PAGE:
Commercial Roofing Plans: Sloped vs. Flat

Do you ever look over the West Palm Beach skyline? How about the most beautiful skyline of them all, New York City? There’s something about tall skyscrapers in the midst of the hustle and bustle that is truly fascinating. So why is it that the majority of commercial buildings have flat roofs?

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Sloped vs. Flat

Residential homes typically have sloped or pitched roofs. Depending on the home’s design, a pitch can be dramatic or gradual. Either way, a sloped roof is the most effective way to keep water off of your roof and draining properly. Pitched roofs happen to be more challenging to take care of, simply because of their steep slopes. The roof is more dangerous and difficult for a homeowner to maintain, which is why most people will hire a roofing professional for maintenance and repairs.

A flat roof, also known as a slow-slope roof, is mostly found on commercial buildings. Although it’s commonly known as a flat roof, it’s not completely flat. The roof has a low-slope, creating a way for water to escape. Flat roofs must have a slight slope either in the middle or towards the edges to allow proper water drainage. A low-slope roof requires more maintenance but is ideal for commercial properties because it’s an ideal spot for storing air conditioning units and saves on energy costs.

Flat Roofs Are Cost Effective

Installing a sloped roof on a residential home is much easier than on a large commercial building. It’s dangerous, impractical, and expensive. Flat roofs are cost-efficient for many reasons. A popular place to store an A/C unit is on a flat roof, creating more space in the building and in the parking lot. They are also more affordable to build and reduce the size of the building, which also saves the business owner money on the energy bill.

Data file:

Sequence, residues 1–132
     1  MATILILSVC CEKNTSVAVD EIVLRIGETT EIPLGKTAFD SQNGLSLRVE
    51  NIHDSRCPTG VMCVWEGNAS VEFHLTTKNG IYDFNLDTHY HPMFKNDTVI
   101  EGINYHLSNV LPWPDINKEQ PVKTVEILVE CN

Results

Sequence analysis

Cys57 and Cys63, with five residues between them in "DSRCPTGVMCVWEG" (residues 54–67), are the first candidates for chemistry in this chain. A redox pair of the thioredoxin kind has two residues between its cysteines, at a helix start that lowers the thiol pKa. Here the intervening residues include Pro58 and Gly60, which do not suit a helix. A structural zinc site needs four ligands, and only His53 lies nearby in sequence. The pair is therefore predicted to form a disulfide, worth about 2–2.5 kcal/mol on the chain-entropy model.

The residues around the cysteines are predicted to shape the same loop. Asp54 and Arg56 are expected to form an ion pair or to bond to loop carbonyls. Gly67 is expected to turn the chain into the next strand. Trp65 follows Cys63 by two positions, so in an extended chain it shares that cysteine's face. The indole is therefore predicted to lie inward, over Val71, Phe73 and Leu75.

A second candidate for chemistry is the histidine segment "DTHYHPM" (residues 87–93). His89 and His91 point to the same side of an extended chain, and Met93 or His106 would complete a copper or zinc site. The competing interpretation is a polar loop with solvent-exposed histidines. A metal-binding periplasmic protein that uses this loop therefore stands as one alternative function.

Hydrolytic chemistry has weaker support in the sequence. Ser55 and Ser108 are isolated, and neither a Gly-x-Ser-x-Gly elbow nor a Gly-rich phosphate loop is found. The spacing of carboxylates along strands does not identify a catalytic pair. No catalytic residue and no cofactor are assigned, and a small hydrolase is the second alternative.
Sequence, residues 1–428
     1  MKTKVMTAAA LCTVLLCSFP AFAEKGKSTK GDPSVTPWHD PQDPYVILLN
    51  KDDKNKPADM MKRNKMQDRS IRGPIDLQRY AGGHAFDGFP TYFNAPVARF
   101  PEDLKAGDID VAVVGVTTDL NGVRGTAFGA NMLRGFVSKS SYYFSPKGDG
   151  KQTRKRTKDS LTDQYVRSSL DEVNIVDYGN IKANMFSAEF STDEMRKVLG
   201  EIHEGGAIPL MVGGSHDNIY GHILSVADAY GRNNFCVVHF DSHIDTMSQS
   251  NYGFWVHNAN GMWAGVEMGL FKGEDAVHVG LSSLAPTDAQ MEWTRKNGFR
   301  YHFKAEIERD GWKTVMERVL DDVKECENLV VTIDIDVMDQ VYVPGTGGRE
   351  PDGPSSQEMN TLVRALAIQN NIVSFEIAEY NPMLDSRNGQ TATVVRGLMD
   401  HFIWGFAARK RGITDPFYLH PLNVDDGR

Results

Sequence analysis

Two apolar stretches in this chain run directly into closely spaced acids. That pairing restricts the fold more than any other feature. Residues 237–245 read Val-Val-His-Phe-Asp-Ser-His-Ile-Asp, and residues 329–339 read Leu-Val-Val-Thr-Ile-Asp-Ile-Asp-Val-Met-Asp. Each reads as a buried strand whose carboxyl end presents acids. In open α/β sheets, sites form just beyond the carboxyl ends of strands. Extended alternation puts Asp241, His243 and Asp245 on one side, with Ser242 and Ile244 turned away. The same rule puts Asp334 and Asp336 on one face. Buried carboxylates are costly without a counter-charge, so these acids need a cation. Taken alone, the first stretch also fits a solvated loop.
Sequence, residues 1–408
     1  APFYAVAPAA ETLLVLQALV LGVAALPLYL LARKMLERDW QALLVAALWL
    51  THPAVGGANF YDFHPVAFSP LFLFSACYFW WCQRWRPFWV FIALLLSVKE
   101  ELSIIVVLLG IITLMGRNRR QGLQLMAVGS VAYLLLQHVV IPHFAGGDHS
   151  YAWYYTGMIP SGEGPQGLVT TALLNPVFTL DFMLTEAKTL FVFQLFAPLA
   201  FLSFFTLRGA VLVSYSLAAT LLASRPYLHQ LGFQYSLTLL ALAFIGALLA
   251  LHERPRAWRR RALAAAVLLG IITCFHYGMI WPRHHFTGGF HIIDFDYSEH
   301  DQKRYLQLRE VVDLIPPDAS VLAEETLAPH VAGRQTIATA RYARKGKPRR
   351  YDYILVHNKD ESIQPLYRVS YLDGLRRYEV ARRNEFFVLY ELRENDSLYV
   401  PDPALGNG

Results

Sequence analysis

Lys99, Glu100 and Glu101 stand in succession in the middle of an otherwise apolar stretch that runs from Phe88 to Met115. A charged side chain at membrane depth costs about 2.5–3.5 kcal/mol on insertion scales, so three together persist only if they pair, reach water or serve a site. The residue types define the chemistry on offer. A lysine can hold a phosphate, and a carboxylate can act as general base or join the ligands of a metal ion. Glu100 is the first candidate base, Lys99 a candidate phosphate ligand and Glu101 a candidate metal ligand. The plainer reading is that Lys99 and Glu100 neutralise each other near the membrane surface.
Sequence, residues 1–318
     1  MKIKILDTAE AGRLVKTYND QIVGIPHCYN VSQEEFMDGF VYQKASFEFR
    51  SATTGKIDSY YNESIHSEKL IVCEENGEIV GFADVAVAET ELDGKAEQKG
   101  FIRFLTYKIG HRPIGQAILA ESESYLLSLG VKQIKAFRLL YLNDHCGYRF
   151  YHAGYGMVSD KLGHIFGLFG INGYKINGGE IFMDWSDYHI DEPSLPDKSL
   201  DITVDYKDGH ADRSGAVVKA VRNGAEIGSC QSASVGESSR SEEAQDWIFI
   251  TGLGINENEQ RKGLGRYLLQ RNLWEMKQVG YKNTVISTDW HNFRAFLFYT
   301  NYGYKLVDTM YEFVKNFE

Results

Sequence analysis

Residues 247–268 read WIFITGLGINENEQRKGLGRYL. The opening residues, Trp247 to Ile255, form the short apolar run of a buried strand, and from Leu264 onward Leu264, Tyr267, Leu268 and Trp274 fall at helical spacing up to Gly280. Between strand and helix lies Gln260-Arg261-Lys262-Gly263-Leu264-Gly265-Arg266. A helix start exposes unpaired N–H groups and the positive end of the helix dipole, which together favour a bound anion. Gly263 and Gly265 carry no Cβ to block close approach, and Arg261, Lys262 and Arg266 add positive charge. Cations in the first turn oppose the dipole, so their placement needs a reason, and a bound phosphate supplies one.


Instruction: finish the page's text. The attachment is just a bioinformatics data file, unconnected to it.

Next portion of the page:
Maintaining a Flat Roof

A flat roof requires frequent and thorough inspections and maintenance. Without proper maintenance, a flat roof can develop low spots. These spots result in ponding, which can stay stagnant for days, even weeks, if not taken care of. This causes mold and mildew growth and allows water to slip through cracks, damaging the roof’s structure. If a flat roof is not taken care of on a regular basis, minor issues can lead to major, costly, damages.


Designing and constructing commercial roofs is substantially different than residential construction. The building size, usually much greater than residential, means that a pitched roof would be unrealistic and unpleasant to the eye. Additionally, cities with strict building codes regulate the height of structures. This means that a pitched roof would take up space that could otherwise be useful in offices or storage.

Slope and flat roofs require specific maintenance and care. Whether you have a residential or commercial property, you can trust the Aastro Roofing family with all of your roofing needs. Drop us a line and we’ll provide you with a free estimate at 561-409-3280.